Today, I was thinking how important an organ the heart is.

For our bodies, the heart is the engine that keeps everything going.

It literally fuels the entire body so that we can accomplish amazing things.

These last few months, it’s been hard to get myself up to work out. Some days, I have to look at a pouty face in the mirror while doing my cardio routines. Not pretty, or inspiring.

But without a strong heart, my arteries will clog up (I know because nutrition is also hard).

As a Retail Pharmacist, my work doesn’t require much movement. But my brain needs oxygen and sugar. That’s where the heart comes in.

Especially being a manager, I’ve never been so mentally drained.

And that’s why I force myself to do cardio. I hate running, so boxing, battle ropes, and table tennis are creative ways to strengthen the engine.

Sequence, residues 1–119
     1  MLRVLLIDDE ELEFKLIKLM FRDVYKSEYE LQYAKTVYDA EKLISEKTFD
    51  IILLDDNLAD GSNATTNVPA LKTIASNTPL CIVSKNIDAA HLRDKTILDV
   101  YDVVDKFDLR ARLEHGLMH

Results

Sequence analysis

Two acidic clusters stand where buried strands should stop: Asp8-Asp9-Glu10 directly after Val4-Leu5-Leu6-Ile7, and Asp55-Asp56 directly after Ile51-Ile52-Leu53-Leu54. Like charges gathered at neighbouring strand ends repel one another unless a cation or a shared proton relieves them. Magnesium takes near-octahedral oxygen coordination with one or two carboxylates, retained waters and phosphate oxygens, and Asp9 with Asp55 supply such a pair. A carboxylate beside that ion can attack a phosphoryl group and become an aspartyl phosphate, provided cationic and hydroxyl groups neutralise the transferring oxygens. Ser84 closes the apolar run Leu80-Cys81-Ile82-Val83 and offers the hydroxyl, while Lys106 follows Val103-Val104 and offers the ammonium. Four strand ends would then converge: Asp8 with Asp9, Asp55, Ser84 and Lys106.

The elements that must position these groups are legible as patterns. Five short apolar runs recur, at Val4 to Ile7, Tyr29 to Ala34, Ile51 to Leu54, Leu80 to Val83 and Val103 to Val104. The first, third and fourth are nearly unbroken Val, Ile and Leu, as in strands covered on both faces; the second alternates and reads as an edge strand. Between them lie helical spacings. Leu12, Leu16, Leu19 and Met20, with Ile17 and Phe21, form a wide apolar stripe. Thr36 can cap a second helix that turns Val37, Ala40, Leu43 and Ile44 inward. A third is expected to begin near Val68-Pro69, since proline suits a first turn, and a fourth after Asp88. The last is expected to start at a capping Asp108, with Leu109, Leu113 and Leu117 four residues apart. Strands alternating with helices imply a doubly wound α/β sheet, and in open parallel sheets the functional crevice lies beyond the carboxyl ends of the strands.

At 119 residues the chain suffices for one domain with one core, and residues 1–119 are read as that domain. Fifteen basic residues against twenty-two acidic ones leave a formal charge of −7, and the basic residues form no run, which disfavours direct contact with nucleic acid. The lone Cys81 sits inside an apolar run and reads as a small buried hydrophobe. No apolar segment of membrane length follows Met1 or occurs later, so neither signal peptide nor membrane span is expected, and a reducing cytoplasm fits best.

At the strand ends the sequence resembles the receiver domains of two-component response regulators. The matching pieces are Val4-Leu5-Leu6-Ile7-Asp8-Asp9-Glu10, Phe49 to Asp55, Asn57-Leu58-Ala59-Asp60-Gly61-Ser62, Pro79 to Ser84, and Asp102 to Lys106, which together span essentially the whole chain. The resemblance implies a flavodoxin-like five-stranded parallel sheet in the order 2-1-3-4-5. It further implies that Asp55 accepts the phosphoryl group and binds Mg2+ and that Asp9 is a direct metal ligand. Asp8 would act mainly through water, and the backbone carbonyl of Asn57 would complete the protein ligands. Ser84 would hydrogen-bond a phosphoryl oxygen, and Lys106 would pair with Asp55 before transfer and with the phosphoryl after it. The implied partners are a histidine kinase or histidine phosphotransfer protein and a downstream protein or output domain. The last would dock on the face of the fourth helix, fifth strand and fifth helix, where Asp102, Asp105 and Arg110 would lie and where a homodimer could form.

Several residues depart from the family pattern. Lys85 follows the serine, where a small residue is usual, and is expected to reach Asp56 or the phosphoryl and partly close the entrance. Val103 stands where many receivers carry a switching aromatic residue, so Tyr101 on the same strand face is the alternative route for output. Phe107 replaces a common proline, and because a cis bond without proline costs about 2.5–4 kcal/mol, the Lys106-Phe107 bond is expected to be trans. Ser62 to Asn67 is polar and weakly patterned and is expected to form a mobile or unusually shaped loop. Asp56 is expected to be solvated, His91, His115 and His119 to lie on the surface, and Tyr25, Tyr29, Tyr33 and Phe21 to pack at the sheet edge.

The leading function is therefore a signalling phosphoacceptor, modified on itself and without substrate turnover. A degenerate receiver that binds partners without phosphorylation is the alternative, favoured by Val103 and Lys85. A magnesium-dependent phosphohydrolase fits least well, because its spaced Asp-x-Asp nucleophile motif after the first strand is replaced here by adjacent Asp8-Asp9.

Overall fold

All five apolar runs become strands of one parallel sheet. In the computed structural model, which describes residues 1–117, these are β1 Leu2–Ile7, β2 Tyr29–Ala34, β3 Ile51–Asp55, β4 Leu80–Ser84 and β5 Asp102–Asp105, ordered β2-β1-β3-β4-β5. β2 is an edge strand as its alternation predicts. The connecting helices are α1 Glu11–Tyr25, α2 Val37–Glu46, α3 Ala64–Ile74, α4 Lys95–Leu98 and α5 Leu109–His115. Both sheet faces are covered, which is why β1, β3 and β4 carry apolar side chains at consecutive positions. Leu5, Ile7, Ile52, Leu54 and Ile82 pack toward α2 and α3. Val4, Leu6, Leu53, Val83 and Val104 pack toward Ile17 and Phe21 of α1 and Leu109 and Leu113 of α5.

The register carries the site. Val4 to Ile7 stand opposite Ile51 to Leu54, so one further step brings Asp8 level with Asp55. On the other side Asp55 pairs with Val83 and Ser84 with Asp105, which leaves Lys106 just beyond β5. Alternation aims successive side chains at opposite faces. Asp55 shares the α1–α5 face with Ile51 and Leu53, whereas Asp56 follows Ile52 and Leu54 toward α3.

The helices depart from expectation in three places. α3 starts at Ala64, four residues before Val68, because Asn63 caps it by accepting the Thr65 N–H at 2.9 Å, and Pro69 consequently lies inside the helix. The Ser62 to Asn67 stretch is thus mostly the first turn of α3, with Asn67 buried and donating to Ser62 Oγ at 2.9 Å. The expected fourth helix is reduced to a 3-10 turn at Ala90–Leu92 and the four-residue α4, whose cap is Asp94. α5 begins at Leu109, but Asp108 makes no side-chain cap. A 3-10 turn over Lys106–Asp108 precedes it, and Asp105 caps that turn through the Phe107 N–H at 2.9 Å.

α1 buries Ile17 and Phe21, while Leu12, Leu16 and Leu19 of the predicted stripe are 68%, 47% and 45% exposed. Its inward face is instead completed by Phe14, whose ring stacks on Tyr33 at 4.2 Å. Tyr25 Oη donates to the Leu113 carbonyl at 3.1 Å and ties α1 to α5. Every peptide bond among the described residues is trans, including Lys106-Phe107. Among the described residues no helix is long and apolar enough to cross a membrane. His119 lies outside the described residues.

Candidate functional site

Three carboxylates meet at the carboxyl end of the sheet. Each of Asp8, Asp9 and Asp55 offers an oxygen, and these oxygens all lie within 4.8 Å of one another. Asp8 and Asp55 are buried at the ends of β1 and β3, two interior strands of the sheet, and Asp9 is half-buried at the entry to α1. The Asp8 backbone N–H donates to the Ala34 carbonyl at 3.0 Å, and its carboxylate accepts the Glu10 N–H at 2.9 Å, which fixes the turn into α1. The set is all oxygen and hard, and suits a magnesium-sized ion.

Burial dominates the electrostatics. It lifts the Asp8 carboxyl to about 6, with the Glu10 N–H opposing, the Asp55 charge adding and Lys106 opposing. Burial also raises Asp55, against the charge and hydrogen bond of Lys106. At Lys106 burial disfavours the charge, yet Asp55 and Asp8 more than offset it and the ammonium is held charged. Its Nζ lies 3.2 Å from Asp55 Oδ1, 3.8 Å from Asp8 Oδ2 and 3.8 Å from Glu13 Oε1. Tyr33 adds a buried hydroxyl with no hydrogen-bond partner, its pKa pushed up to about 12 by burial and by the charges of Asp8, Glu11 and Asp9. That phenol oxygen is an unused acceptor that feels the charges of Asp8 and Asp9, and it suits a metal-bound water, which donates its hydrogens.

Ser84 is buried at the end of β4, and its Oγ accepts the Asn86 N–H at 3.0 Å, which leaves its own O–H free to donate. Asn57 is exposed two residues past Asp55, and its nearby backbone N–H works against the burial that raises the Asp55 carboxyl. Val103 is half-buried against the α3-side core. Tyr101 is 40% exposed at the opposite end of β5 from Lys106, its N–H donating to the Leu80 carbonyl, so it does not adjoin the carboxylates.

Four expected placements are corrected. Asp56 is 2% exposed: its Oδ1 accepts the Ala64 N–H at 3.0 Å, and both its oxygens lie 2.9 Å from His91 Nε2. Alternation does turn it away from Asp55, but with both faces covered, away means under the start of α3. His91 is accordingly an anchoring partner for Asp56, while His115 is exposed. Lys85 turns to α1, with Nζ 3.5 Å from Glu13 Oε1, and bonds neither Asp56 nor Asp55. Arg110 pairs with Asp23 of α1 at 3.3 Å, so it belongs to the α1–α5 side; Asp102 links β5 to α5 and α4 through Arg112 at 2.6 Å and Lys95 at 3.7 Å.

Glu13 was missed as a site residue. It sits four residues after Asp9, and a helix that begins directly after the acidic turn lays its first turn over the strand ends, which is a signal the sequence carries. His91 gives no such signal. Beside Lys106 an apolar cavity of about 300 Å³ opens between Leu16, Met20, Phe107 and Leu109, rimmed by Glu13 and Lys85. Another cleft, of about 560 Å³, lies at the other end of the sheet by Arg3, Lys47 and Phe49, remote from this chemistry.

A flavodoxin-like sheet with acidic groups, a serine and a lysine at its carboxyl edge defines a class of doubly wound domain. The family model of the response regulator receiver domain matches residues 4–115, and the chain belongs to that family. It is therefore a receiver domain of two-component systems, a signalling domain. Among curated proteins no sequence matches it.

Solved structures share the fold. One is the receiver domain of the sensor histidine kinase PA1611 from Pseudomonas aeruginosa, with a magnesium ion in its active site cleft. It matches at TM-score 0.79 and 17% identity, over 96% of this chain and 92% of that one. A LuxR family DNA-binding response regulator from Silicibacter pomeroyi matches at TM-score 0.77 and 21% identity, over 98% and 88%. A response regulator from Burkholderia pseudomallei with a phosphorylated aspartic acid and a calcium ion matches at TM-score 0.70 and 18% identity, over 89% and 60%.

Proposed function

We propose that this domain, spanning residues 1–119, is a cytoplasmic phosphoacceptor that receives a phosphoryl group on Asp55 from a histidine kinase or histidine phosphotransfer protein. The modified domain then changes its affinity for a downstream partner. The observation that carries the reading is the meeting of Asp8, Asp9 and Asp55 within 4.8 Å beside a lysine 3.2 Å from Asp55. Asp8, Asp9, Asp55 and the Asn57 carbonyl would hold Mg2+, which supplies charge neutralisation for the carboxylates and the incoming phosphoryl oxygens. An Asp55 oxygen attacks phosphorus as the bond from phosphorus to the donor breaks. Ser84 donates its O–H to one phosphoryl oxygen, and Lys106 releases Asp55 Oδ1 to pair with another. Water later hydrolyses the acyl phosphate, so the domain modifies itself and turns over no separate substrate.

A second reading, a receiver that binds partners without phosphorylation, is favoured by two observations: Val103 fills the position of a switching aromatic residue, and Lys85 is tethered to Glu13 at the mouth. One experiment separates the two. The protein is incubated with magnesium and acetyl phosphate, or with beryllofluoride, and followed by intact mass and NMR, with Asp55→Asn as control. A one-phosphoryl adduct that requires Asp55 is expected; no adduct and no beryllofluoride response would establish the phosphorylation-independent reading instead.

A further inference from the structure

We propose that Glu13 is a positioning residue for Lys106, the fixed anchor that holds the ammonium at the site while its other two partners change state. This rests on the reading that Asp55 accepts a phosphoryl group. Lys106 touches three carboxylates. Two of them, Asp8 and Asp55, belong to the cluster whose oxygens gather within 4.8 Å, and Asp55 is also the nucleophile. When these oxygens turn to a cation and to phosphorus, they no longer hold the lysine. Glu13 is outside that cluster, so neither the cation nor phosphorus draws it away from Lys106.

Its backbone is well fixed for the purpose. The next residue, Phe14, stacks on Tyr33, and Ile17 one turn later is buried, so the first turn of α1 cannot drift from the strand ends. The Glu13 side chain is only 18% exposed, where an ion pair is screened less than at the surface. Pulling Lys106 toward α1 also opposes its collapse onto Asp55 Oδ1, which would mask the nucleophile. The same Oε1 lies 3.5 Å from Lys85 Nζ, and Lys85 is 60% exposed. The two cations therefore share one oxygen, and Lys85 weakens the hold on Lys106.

If I want to be a beast, I need to take care of my body like the machine it is.

But thinking about this makes me think about the Community Pharmacy profession at large.

All across the nation, the spirit and passion of pharmacists seem to be dying.

Cynicism, disillusionment, resentment, and anger plague our fellow PharmDs.

Our metaphorical heart is dying because we are failing to take care of our engine: the passion for what we do.

Some people call it the Oath of the Pharmacist; others call it their personal mission.

Whatever that is, we have to work on strengthening it every day.

Stephen Covey (RIP) uses the analogy of “sharpening the saw.” At some point, sawing harder and harder will dull the sharp edge, becoming less effective by the second.

How dumb would it be to keep sawing relentlessly, crying, “I don’t have time to sharpen the saw; I’m too busy sawing this tree!”

But, everyday our brethren do this at the pharmacy. Skipping our lunches and breaks, neglecting our passions, and accepting the status quo.

What a tragedy.

All I know is that we reap what we sow. If we neglect our hearts, our bodies and spirits will wither away. It’s inevitable.

Don’t let that happen.

Waking up to work out is hard enough. But waking up with a dead spirit to work at the pharmacy is even worse.

What are you going to do today to sharpen your saw?

-Mr. Corporate Pharmacist